Day 7 – BBC iPlayer
The King’s Choice (2016)
When German ships appear in Norwegian waters in April 1940, King Haakon VII (Jesper Christensen) faces some tough choices as he attempts to maintain Norwegian neutrality in WWII. Although German officer Kurt Bräuer (Karl Markovics) claims his troops are only there to protect the vulnerable Norwegians from the British, it soon becomes apparent that the Nazis want to seize control of Norway's valuable assets and occupy the country. With the lives of his people hanging in the balance, King Haakon must decide whether to agree to the Germans' demands or fight for his country's freedom.
Dustin Hoffman directs this comedy drama adapted by writer Ronald Harwood from his own stage play. Beecham House is a retirement home with a difference: it specifically caters for former artistes including one-time opera singers Cissy (Pauline Collins), Reginald (Tom Courtenay) and Wilf (Billy Connolly). Once part of a quartet, the three still take part in an annual concert to celebrate the birthday of composer Giuseppe Verdi. But this year things are complicated by the arrival of the fourth member of their quartet, Jean (Maggie Smith), a die-hard diva who also happens to be Reginald's ex-wife. Theatrical temperaments and old hostilities flare as the dramatic foursome fuss, flirt and flounce their way through rehearsals, adhering emphatically to that old showbiz adage, 'the show must go on'.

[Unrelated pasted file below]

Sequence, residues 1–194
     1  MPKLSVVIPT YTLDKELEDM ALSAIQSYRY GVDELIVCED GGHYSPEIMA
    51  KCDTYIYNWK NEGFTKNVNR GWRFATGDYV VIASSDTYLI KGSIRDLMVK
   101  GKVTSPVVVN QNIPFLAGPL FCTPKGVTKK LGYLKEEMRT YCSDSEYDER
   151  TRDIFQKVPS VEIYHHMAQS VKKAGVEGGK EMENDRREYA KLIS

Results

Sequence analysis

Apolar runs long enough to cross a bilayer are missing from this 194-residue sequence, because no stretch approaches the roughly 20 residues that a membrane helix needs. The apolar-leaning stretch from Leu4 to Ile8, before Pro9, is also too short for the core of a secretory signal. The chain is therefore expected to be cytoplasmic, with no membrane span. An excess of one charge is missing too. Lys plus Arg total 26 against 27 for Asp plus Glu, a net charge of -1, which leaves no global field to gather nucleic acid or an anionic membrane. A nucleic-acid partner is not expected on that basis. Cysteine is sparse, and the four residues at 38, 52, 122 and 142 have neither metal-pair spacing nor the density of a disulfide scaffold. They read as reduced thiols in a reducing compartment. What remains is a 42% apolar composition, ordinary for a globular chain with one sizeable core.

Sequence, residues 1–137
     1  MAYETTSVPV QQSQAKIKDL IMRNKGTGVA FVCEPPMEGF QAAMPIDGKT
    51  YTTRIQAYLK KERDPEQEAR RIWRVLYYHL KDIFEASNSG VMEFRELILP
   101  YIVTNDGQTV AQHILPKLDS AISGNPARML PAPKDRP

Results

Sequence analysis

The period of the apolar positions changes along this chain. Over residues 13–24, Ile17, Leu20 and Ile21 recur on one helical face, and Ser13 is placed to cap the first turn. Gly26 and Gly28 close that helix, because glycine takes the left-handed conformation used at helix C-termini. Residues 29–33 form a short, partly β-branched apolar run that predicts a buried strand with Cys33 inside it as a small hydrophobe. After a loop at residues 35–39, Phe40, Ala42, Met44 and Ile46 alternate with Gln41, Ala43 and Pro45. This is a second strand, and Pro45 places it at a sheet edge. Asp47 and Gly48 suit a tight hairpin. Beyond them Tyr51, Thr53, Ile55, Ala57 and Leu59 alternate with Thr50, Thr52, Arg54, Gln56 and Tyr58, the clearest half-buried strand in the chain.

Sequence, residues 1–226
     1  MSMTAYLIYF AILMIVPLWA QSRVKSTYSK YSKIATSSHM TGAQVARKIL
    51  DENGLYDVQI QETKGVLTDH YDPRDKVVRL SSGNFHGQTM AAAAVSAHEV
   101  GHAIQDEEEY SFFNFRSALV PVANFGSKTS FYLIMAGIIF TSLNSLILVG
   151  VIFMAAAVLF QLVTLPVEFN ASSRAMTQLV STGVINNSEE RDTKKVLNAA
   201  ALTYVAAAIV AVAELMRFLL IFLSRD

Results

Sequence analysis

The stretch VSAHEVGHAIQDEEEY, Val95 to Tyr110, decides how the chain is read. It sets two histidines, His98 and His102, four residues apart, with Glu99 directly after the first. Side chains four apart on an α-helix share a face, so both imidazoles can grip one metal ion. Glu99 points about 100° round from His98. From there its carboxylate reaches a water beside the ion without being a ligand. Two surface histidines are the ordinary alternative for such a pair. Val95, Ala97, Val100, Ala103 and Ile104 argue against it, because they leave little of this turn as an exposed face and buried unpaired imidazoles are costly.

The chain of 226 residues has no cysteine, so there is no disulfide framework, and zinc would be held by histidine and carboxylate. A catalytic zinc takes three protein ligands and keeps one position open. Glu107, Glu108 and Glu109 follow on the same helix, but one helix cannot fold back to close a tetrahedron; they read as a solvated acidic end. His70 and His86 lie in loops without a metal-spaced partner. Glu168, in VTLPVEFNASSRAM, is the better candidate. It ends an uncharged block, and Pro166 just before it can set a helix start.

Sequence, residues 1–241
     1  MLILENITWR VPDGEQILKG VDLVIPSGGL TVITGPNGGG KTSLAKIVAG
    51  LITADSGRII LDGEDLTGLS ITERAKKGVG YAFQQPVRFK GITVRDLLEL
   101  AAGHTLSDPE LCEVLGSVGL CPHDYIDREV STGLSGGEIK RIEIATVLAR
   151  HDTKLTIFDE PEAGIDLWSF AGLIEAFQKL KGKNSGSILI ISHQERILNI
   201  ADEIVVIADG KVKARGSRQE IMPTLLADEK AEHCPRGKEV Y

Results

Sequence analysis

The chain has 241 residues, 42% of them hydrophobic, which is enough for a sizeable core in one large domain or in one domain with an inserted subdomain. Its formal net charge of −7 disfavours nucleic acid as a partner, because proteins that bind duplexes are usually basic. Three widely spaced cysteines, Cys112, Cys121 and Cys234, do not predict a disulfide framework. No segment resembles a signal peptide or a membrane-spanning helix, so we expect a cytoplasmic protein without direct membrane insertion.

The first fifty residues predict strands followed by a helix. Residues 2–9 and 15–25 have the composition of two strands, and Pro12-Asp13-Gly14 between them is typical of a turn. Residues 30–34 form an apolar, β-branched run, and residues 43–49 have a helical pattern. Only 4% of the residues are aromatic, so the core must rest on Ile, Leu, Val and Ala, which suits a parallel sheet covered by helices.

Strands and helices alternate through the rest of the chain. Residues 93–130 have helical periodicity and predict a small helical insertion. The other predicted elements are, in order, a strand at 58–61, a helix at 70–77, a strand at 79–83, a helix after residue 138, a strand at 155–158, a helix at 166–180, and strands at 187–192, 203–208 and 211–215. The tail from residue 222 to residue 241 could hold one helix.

The Railway Man (2013)
Colin Firth, Nicole Kidman and Stellan Skarsgård star in this war drama adapted from Eric Lomax's memoirs about his experiences in a POW camp. While serving in the Second World War, British Army officer Eric Lomax (Jeremy Irvine) is captured and held prisoner by the Japanese. He is brutally tortured and forced, along with his fellow captives, to build the Thai-Burma Railway. Many years later an older Lomax (Firth) is still traumatised by the experience. Supported by his wife Patti (Kidman) and friend Finlay (Skarsgård), he decides to track down one of his torturers, Takashi Nagase (Hiroyuki Sanada), hoping to find the answers that will enable him to finally let go of the hatred he has held for so long.
The Revenant (2015)
Inspired by true events, The Revenant is an epic story of survival and transformation on the American frontier. While on an expedition into the uncharted wilderness, legendary explorer Hugh Glass (Leonardo DiCaprio) is brutally mauled by a bear, then abandoned by members of his own hunting team. Alone and near death, Glass refuses to succumb. Driven by sheer will and his love for his Native American wife and son, he undertakes a 200-mile odyssey through the vast and untamed West on the trail of the man who betrayed him: John Fitzgerald (Tom Hardy). What begins as a relentless quest for revenge becomes a heroic saga against all odds towards home and redemption. The Revenant is directed, produced and co-written by Alejandro G. Iñárritu. Winner of 3 Oscars for Best Actor, Best Director and Best Cinematography